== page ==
The United Kingdom supports Nigerian girls’ education with 45 billion naira.
The United Nations Children’s Fund (UNICEF) has announced that the government of the United Kingdom (UK) has donated over $109 million dollars to support the education of girls and improvement in the livelihood of their parents in Nigeria. According to the official bank exchange rate, the amount is the equivalent of N45 billion Naira. The program is implemented under the Girls Education Project (GEP3), which commenced in 2012 in the six northern states of Bauchi, Katsina, Niger, Sokoto, Zamfara and Kano. The project will end in September 2022.
UNICEF says that despite the challenges of insecurity in the region, 1.3 million girls in primary schools have been enrolled in two northern states of Sokoto and Zamfara. Miriam Moreso, the Education Manager of UNICEF field office made this known at a media dialogue on girls education in Sokoto. She said that this was possible through the implementation of GEP3, which was funded by the United Kingdom agency, Foreign, Commonwealth and Development Fund Office (FCDO), formerly known as DFID.
Total number of children enrolled exceeds the target.
Moreso noted that the 1.3 million enrolled in primary and Integrated Quranic Schools (IQS) exceeded the target of one million in the six states since 2012. According to her, this was achieved through the community enrolment drives by School-Based Management Committees (SBMCs) and Mothers Associations (MAs), with support from states and local government areas. She lamented that education is seriously underfunded in Nigeria. She said that in 2018, only 7 percent of the national budget was allocated to education, far below the United Nations Educational Scientific and Cultural Organization (UNESCO)’s recommended 15 to 26 percent. In 2020, Nigeria allocated only 6.7 per cent of the nation’s budget to education.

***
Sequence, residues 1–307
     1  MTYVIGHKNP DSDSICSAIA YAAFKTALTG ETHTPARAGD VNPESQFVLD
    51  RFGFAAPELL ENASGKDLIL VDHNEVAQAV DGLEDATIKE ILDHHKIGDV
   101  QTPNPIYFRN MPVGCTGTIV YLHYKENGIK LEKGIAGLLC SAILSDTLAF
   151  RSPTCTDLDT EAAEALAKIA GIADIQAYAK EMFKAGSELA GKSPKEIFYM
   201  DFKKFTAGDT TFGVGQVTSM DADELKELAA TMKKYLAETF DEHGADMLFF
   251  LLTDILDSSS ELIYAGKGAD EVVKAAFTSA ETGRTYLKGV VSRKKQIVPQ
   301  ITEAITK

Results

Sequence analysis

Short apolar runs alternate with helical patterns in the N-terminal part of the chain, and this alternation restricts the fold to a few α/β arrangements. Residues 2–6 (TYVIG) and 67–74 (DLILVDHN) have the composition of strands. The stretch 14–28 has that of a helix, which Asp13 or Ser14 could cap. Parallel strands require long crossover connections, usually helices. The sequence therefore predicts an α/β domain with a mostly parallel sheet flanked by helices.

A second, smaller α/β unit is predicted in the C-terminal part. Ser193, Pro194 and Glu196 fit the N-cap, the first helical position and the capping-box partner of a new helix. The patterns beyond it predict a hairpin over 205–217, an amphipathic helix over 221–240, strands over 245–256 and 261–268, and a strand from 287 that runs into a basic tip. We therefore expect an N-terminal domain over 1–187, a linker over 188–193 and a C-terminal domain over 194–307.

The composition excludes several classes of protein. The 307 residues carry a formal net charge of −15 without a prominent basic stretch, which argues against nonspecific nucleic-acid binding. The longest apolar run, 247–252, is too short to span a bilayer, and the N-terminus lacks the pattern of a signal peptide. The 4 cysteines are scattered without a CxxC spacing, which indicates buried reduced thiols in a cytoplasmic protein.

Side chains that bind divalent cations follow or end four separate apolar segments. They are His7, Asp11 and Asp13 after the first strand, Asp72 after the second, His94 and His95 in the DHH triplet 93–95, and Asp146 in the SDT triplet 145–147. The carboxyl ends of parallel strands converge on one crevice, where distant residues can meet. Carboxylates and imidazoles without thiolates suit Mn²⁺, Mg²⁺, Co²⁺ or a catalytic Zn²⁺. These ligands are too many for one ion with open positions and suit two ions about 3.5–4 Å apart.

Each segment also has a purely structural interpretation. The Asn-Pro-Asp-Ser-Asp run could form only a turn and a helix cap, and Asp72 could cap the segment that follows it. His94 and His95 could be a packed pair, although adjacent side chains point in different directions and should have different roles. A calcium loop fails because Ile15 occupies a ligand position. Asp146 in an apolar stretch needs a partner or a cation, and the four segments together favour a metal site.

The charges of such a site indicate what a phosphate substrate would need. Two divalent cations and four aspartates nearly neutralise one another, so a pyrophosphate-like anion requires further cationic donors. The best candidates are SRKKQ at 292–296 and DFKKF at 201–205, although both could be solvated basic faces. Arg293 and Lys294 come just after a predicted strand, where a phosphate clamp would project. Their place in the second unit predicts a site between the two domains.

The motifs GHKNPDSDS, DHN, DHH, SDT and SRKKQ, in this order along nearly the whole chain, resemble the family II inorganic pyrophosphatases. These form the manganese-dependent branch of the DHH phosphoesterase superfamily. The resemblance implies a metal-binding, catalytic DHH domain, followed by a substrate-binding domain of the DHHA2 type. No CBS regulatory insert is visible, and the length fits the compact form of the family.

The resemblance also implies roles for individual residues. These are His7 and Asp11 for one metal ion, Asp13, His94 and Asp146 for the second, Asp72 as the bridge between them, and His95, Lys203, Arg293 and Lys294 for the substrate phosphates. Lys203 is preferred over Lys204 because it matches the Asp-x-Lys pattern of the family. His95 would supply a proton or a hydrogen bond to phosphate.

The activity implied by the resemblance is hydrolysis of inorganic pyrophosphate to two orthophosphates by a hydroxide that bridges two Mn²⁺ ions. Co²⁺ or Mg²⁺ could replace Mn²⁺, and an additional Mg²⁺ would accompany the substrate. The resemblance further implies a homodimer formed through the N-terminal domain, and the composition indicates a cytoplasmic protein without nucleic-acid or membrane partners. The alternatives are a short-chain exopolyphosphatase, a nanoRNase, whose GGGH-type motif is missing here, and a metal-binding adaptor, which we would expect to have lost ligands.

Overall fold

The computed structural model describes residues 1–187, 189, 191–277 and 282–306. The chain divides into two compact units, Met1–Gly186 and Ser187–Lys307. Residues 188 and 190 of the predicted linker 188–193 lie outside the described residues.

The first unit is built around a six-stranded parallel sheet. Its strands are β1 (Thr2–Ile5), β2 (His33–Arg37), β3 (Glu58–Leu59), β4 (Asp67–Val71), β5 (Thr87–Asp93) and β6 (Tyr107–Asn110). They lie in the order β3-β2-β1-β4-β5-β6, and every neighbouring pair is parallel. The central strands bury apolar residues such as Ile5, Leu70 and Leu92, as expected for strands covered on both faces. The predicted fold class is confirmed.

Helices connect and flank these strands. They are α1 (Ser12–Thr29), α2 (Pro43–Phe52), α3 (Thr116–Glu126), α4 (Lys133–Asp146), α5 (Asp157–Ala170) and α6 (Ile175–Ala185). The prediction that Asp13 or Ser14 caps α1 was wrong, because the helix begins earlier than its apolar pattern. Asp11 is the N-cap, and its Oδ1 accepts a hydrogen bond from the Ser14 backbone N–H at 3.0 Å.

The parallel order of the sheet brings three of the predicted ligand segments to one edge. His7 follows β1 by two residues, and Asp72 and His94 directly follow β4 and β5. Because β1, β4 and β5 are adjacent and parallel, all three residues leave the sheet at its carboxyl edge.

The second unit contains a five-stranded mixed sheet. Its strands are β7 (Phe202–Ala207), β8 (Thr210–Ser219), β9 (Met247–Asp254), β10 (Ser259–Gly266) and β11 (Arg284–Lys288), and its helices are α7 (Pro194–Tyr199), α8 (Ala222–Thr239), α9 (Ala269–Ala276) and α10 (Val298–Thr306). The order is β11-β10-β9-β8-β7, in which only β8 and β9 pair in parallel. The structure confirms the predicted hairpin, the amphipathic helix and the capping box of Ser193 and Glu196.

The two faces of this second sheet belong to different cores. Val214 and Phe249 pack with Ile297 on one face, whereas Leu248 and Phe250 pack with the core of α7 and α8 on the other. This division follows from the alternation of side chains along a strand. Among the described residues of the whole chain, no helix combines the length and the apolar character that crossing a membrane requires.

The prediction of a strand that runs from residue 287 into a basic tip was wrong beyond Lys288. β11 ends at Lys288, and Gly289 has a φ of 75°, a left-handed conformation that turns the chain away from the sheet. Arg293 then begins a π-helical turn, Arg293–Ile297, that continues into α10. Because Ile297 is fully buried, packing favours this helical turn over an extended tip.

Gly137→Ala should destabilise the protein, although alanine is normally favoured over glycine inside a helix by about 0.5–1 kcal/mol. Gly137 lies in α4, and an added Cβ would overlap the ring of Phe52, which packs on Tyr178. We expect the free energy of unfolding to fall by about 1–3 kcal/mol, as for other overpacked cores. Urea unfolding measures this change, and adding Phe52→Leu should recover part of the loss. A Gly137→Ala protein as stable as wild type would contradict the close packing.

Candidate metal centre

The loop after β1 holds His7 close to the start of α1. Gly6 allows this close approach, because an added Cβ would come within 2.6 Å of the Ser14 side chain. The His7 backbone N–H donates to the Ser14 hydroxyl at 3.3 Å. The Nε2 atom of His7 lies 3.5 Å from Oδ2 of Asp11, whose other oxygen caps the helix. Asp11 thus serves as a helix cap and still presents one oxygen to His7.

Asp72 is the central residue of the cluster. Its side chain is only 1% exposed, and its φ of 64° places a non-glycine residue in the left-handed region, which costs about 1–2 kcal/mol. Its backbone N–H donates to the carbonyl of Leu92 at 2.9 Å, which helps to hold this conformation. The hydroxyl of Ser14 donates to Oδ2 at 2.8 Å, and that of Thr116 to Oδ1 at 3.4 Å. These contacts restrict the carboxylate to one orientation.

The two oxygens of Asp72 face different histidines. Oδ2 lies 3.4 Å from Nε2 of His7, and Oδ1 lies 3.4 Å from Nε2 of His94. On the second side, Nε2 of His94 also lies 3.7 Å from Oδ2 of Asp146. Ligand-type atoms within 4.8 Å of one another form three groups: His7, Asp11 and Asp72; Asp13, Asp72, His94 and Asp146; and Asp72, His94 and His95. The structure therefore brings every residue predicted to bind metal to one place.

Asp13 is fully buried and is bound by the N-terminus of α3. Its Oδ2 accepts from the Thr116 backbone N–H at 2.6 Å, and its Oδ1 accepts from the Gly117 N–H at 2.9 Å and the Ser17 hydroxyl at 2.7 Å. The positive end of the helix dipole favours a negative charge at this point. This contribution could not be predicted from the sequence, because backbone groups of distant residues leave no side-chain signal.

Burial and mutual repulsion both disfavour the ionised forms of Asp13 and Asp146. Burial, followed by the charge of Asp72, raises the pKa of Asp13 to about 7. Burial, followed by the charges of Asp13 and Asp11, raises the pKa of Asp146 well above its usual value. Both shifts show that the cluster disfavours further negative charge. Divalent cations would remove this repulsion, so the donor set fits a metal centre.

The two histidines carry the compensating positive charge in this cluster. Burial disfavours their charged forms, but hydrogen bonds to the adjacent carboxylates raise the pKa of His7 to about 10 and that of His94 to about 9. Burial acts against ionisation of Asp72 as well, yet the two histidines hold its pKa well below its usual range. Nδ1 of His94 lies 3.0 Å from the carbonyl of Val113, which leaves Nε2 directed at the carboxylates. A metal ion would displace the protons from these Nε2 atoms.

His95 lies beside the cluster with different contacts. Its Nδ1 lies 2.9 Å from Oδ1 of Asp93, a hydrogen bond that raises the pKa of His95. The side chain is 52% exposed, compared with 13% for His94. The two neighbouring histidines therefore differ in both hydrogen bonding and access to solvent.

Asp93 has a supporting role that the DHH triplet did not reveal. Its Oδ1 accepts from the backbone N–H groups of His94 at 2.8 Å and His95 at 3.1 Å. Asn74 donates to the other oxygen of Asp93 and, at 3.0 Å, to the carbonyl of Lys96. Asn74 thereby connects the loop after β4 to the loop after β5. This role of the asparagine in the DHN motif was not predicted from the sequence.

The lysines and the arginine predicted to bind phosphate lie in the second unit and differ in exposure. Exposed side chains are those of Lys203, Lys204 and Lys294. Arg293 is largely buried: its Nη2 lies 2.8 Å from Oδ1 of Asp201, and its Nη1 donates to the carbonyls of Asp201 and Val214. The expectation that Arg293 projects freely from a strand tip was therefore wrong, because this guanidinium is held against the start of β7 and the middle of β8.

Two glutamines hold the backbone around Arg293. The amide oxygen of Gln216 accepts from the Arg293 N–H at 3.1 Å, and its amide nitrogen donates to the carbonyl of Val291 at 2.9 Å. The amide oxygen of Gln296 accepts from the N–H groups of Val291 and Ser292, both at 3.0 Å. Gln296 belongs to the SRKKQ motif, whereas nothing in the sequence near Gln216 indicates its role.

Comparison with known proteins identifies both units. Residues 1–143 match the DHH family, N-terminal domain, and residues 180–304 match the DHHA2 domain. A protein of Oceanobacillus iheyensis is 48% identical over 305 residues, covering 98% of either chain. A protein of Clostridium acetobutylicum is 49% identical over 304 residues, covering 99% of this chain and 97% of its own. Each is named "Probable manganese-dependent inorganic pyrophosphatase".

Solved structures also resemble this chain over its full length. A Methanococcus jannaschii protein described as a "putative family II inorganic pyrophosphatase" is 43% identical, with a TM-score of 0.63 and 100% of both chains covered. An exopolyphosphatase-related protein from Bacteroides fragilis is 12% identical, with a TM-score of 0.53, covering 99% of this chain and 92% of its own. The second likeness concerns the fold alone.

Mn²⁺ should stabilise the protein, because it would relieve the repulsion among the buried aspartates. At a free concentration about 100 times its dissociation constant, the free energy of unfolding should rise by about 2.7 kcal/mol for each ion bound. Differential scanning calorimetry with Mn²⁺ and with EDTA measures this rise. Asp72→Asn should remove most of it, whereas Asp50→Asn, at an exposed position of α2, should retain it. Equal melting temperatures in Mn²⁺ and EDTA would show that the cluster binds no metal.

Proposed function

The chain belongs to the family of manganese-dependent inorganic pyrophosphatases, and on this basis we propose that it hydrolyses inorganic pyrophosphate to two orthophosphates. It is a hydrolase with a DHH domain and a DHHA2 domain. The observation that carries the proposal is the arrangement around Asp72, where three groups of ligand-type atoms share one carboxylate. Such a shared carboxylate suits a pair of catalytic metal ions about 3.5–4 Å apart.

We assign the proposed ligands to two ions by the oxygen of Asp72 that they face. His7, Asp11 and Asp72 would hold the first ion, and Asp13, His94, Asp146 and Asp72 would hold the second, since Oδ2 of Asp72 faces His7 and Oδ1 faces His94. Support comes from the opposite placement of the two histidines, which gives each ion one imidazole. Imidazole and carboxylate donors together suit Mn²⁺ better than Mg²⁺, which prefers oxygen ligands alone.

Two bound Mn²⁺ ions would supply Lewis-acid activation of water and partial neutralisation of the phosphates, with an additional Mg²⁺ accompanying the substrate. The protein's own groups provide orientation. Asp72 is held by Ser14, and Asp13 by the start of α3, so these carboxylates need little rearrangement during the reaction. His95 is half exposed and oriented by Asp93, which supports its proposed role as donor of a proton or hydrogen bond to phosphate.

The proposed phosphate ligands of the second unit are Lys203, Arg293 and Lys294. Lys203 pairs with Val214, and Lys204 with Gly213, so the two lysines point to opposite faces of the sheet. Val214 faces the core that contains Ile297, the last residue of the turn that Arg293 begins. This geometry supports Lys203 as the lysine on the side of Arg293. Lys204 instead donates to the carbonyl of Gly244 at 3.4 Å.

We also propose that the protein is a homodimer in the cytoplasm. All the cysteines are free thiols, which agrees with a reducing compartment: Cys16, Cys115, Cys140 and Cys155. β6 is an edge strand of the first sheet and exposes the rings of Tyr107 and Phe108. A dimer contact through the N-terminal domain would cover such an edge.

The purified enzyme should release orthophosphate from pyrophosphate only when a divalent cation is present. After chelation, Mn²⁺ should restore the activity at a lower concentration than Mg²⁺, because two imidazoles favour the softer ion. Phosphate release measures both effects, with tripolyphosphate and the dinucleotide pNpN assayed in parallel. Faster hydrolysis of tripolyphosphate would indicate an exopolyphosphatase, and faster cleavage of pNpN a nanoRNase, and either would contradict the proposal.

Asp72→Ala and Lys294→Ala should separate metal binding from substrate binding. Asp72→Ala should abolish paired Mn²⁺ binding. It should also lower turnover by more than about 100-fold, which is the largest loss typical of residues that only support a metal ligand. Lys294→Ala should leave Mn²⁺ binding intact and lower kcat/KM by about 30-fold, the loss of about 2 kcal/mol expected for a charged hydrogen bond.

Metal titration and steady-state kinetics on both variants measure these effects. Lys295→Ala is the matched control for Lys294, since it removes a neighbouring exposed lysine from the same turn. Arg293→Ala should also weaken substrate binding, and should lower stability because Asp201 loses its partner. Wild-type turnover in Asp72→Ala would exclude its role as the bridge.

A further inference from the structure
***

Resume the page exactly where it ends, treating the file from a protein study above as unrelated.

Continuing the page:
She said, “Nigeria continues to have more out-of-school children than any other country globally. One in three children are out of school.” She added that the rate is declining but not in tandem with the population. Globally, she said 129 million girls are out of school, representing 32 million in primary school and 97 in secondary school. She also added that the completion rate for girls are lower in low-income countries such as Nigeria, where less than two-thirds of girls complete primary education and one-third complete lower secondary school.
Girls’ education transition rate between significant levels is low.
Moreso commented on the transition of girls from primary to secondary education and disclosed that about 1.9 million is lost between primary 1 and 6, while 1.4 million is lost between primary 6 and Junior Secondary School (JSS1). Chief of UNICEF Sokoto Field Office, Maryam Darwesh, revealed that to support efficient and effective governance in primary schools and Integrated Quranic Schools, 13,094 management committee members (5,353 of which are women) underwent relevant capacity development pieces of training in Sokoto and Zamfara.
She said that it was because the benefits gained from the phase 3 of GEP being considered that the sustainability strategy document was developed by both Sokoto and Zamfara states in June 2021 and was most recently updated in July 2022. She called on the states to ensure full implementation of the sustainability plan and urged them to leverage the soon-to-start budgeting process to capture the required state funding contributions for UNICEF-supported interventions and to provide strategic state resources for the sustainability to all gains obtained so far in the education sector from GEP3 and the partnership with UNICEF.
Teacher commended UNICEF for the GEP programme.
The head teacher of Ali Fodio Primary School, Bodinga, Sokoto State, Malam Abdullahi Abubakar, commended the UNICEF for the implementation of the GEP3 programme in his school, which he said has led to massive enrolment of girls and their retention in school. He told a team of journalists and UNICEF officials on a field trip to evaluate the impact of the project in his school that right now, some classes have more girls than boys. He called on the state and federal governments to ensure the sustainability of the project. He said that the cash transfer aspect of the program has helped immensely in retaining the pupils as well as in improving the economic well-being of the families of the pupils benefiting from the program.
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